No one wants to get lost in a haunted forest with its frightening darkness, lurking monsters, and paths that lead to nowhere or worse — to trouble. No, we’d all rather spend our time in a magic castle, where everything is beautiful and everyone is helpful, and all our needs are taken care of and questions answered (even before we ask).
The analogy applies to site visitors’ expectations with your website as well. They don’t want to get lost or to encounter monstrous design. And if they do, you can bet that they’ll go seeking a “magic castle” elsewhere (otherwise known as your competitor’s website). What you want is for them to linger on your site, clicking through and going deeper and deeper, happy with the information they’re discovering.
So the question for you is this: is your website a haunted forest or a magic castle? How do you tell? Here are seven questions to ask yourself.
1. Is your navigation clear and intuitive? Your website navigation should guide users; it shouldn’t confuse them or lead them on bridges to nowhere. Does your navigation include the important basics? Navigation is not the place to get clever or cute. People come to a site with certain expectations for finding information – they should easily be able to see your products/services, contact, and company background without hunting for it (or, to refer to our haunted forest analogy, without getting hopelessly lost). The navigation should be consistent from page to page (it shouldn’t change), and it shouldn’t be too deep.
2. Is the look and feel wicked-witch ugly or pretty-as-a-princess? Yes, boys and girls, looks do matter—at least for websites. Websites need to be aesthetically pleasing to the eye. Yes, they need to ultimately provide value, but if your site is so ugly that people can’t see beyond the ugliness an quickly back away, then what’s the point? Be mindful of your color palette and layout, especially if you’ve built the site yourself. Of course, a good web designer will help make sure your site is visually pleasing. But still, it’s good to educate yourself on the basics of good web design.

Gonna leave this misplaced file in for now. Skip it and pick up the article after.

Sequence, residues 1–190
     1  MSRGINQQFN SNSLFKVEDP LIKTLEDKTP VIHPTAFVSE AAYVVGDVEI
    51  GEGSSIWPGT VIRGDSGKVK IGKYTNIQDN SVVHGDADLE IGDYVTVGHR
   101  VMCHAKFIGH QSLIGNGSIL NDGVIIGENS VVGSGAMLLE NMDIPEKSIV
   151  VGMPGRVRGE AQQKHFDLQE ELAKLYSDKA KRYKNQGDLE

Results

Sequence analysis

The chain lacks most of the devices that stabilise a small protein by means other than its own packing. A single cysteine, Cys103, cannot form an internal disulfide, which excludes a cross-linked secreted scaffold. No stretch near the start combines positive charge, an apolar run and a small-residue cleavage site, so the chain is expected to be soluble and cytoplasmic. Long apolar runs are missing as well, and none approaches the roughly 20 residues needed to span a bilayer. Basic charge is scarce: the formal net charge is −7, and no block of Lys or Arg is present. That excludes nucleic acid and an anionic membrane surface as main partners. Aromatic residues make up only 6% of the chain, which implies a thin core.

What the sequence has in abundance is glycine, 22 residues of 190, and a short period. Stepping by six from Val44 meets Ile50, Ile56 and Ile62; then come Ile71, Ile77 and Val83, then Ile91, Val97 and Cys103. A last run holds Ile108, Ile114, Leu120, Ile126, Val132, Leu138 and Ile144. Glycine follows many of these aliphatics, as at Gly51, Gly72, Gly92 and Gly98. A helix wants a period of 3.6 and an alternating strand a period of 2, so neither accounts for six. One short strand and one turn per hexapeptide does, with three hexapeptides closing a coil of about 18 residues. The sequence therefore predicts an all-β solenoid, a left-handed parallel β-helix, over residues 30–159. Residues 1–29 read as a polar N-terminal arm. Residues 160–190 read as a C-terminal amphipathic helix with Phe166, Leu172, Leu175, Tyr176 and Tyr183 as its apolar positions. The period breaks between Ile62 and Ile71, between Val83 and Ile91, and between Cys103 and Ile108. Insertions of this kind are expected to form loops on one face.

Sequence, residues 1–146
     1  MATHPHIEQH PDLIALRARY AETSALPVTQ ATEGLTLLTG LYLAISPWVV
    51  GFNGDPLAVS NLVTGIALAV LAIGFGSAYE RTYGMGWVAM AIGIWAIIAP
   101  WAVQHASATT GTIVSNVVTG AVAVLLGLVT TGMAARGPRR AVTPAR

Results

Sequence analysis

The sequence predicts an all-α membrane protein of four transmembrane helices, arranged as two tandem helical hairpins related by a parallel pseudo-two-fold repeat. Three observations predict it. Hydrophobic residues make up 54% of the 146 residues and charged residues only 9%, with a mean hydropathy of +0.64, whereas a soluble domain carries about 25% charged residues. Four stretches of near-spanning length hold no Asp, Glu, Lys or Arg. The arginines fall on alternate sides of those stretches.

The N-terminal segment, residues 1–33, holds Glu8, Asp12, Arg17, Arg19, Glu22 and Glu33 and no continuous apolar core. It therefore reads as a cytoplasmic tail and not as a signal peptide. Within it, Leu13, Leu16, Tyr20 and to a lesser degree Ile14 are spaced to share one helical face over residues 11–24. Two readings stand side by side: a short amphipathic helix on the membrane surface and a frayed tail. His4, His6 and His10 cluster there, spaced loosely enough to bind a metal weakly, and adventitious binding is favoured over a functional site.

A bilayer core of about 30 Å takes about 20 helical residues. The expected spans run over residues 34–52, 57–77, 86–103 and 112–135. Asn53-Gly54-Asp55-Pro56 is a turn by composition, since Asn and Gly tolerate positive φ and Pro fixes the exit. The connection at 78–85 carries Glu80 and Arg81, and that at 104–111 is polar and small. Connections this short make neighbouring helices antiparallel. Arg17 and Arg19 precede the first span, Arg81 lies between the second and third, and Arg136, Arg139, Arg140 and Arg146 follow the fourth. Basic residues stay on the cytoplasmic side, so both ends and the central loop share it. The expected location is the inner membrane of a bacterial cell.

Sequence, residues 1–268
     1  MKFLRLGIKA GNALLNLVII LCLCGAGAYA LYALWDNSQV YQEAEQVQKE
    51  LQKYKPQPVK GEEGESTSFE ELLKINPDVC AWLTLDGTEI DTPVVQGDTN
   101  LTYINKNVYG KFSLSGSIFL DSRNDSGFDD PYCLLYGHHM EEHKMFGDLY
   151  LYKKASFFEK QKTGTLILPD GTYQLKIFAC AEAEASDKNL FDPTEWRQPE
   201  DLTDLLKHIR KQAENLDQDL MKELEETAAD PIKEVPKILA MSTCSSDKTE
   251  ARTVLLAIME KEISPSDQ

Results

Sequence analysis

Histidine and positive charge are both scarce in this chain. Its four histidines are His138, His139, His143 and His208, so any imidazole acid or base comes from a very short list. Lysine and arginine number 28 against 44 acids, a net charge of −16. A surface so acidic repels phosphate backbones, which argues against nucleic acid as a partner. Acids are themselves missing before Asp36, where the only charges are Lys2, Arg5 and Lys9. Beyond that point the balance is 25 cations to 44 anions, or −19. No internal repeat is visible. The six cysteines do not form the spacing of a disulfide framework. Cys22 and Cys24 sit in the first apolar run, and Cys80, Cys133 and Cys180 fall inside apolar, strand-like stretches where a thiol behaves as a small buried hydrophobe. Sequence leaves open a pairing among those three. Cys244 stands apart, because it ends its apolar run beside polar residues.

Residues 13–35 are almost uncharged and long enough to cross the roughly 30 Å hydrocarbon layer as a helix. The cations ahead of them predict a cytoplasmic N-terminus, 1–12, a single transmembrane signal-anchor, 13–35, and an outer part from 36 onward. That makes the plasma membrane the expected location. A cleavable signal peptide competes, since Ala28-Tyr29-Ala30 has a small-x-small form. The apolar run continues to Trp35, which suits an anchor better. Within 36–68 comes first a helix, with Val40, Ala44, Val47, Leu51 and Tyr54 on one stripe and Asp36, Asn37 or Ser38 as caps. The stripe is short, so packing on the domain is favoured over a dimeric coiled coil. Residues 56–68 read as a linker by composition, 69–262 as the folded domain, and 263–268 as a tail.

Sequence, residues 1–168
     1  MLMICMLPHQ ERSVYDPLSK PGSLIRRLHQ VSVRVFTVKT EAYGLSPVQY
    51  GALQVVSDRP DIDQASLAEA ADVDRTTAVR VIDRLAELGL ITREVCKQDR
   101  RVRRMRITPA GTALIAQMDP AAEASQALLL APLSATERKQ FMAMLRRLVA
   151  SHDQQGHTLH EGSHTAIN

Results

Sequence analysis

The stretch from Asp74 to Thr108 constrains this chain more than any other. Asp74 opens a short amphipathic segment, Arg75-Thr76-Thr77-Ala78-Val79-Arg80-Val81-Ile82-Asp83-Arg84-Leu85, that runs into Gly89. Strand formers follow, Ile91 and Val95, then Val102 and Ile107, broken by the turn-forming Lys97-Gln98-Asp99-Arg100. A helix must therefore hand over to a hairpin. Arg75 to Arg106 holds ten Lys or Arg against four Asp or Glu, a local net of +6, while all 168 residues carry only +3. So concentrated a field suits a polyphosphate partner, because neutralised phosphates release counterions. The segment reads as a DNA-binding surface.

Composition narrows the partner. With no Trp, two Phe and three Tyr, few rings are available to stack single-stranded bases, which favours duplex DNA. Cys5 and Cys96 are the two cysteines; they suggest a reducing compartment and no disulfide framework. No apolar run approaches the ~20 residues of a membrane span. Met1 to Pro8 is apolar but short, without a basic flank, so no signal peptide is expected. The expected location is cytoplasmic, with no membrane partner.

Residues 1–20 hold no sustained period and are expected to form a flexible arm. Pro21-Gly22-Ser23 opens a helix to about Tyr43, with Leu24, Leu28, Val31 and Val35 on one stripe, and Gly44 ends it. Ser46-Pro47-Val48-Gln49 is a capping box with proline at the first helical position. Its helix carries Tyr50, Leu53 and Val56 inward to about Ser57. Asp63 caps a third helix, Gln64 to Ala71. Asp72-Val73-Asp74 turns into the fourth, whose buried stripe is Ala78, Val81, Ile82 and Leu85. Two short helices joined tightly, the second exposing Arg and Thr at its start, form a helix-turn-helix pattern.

3. Is your content error-free? Yes, your ninth grade English teacher was right: grammar and spelling count. Poor grammar or copy filled with misspellings and typos indicate laziness, a lack of professionalism, and a complete lack of interest in the details. Do you struggle with the basics and don’t even know if you’re making mistakes? Hire a website copywriter to either write or proofread your site. Trust us, it will be money well spent.
4. Does your content provide value? Nothing is scarier than a web page that’s simply crammed with keyword phrases and that fails to deliver on what it promises. Each and every page of your site should deliver value to site visitors. What’s the page about? What’s the implicit promise made when someone clicks on a page? Does your FAQ page really answer questions, or is it a thinly-veiled sales pitch? Does your About page provide info on the company, its founders, latest news? It’s 2012—people are savvy searchers and surfers. If they go to a page expecting certain info, and the page doesn’t deliver, you might not get a second chance to win them back. An overlooked piece of info that’s worth mentioning here is the meta description, which is the snippet of text that shows up on the search engine results pages. This snippet of text should, in fact, tell people what to expect when they land on the page – what information is in store for them – and then the page should deliver on it. Need more help? Check out this article from Copyblogger on 58 Ways to Create Persuasive Content Your Audience Will Love.